- Stay-at-home advisory – from 10 p.m.-5 a.m.
- Restaurants, etc. – to close at 9:30 p.m.
- Gatherings – Private homes no more than 10 people. Outdoor, no more than 25 people. Ending at 9:30 p.m.
- Face Coverings – required in public, even with social distancing.
BOSTON (CBS) – Gov. Charlie Baker announced Monday a series of new coronavirus restrictions for Massachusetts, including a curfew for businesses, reduction of the indoor gathering limit, and a tighter face mask mandate.
A stay-at-home advisory will be put into place from 10 p.m.-5 a.m. beginning at 12:01 a.m. on Friday. Between those hours, residents should stay him with exceptions like going to work or the grocery store.
Baker signed an executive order that requires indoor recreation facilities, theaters, casinos, and other entertainment venues to close at 9:30 p.m. Restaurants will be required to stop providing table service at 9:30 p.m., but can provide takeout.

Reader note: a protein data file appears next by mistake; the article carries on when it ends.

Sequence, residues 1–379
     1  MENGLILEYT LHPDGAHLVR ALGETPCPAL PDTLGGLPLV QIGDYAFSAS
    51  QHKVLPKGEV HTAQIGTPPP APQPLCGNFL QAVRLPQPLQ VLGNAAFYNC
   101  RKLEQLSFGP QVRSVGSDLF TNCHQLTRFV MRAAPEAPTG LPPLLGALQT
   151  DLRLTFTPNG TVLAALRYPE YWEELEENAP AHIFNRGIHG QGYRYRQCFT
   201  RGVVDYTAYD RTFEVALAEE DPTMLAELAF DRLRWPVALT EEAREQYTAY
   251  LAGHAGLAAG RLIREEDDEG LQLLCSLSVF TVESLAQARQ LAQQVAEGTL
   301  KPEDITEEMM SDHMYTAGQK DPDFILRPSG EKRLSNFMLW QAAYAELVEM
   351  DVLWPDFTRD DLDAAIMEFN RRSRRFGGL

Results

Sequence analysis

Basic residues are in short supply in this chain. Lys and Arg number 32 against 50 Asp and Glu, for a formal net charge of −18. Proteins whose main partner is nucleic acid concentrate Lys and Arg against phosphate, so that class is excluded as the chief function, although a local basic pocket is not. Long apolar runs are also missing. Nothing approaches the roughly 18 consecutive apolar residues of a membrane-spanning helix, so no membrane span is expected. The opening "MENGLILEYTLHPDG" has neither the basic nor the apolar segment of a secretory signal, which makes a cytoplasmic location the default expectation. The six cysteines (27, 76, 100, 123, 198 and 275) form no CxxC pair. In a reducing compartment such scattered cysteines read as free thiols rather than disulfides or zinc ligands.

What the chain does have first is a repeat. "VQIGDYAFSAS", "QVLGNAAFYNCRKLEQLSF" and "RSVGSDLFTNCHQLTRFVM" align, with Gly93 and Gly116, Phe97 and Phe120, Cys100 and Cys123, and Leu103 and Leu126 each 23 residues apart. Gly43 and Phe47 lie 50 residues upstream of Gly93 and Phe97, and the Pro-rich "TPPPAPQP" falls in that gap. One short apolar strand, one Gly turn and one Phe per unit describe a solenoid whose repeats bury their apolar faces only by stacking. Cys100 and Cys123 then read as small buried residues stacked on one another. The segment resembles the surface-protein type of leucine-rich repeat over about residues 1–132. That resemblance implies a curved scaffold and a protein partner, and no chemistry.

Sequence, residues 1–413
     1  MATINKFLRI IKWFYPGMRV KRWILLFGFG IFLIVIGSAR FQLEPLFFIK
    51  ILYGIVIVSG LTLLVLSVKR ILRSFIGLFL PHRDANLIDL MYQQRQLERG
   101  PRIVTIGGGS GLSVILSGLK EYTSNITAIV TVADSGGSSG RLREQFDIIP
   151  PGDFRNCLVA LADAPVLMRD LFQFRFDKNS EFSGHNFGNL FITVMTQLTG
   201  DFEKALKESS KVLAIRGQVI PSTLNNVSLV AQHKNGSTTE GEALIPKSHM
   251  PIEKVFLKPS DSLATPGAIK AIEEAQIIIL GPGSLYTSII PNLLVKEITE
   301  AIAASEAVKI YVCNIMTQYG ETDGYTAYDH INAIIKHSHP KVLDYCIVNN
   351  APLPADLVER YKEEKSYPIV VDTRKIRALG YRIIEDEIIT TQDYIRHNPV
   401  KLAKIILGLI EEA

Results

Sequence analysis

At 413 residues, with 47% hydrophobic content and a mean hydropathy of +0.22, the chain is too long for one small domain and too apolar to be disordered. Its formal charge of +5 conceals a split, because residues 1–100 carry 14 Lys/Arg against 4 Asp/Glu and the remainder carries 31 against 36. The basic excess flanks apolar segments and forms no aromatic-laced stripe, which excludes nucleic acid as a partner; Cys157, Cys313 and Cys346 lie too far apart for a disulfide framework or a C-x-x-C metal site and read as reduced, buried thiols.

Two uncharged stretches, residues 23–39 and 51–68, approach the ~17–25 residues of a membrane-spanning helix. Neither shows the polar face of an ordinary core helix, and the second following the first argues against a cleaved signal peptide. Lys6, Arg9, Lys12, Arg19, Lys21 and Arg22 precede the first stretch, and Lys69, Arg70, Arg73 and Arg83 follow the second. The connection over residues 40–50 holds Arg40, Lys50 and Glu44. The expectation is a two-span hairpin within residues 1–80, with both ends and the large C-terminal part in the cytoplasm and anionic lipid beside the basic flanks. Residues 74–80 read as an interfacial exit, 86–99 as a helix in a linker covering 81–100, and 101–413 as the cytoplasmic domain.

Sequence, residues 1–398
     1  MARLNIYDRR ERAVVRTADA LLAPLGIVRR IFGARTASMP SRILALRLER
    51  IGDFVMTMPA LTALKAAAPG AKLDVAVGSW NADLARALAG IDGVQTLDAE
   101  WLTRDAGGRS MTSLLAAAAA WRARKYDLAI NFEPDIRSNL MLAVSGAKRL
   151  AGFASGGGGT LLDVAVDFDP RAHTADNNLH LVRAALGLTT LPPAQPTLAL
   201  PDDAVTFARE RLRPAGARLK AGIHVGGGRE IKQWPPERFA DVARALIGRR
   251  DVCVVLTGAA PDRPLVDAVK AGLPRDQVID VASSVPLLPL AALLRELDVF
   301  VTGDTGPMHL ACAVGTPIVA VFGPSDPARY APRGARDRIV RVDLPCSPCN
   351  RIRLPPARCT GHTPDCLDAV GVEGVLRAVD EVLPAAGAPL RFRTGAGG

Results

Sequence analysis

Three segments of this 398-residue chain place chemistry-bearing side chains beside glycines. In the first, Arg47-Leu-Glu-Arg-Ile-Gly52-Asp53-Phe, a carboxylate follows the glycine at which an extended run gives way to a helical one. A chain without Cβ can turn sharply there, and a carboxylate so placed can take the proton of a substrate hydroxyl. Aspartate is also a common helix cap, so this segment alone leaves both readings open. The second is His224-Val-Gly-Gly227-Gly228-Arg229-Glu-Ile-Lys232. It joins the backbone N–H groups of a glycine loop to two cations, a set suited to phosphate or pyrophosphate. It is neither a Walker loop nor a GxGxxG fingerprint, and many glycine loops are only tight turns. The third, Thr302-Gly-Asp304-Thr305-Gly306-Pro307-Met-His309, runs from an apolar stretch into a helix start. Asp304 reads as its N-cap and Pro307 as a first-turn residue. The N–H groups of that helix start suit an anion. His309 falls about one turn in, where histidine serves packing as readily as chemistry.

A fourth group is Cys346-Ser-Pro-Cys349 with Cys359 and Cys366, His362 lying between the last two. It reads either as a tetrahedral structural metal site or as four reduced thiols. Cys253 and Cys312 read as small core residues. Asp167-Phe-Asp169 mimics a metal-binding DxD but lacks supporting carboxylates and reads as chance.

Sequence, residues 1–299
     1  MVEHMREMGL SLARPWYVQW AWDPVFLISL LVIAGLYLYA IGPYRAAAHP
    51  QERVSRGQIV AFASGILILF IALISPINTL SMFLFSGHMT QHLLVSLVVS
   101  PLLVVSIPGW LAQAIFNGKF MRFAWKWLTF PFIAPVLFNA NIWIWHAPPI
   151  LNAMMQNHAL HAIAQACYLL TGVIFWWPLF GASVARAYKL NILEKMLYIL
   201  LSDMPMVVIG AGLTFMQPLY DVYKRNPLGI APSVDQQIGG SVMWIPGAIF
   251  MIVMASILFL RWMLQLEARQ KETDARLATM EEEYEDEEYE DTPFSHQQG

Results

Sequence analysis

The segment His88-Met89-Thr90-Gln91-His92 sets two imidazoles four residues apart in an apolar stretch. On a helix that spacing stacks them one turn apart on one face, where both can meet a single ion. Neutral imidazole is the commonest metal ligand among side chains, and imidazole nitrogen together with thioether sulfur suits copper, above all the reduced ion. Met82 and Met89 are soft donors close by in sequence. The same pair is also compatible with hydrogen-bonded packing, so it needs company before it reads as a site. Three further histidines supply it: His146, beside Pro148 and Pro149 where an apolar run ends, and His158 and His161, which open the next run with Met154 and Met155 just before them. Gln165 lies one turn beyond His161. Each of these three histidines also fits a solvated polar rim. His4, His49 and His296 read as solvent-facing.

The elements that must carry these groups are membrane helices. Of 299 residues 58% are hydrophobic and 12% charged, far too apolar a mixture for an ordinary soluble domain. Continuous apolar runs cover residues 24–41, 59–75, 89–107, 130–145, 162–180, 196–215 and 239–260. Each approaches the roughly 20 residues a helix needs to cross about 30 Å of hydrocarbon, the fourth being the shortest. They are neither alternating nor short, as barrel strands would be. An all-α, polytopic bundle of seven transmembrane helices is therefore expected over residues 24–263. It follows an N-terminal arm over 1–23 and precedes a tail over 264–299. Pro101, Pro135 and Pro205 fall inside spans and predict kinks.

“Our message here is very simple. We can’t afford to continue to do what are we doing,” Baker said.
“We want to do everything in our power to avoid reverting back to Phase 1 or Phase 2 of our reopening plan, but that requires us all to step up and make some changes.”
The limit for indoor gatherings at private homes has been reduced to 10 people. The outdoor gathering limit has been set at 25 people. Indoor and outdoor events at homes or event venues must end by 9:30 p.m.
Massachusetts is also updating its face covering order to require everyone above the age of five years old to wear a face covering in public, even if social distancing can be maintained.
“The mask requirement remains what I would describe as guidance. But the difference here is we’re eliminating the six-foot spread. We’re basically saying if you go out in public wear a mask,” said Baker.
As of last week, 121 communities in Massachusetts are now considered high risk for coronavirus. A total of 28 communities have already rolled back a step in the state’s reopening process. Despite the increased numbers, Baker said it is critical not to shut down the economy or schools.
“What we should not do to deal with these trends is shut down our economy, or close our schools to deal with this,” Baker said. “Schools are not spreaders here, or anywhere else. It’s been proven now – over and over and over again – by real life experience and longitudinal studies.”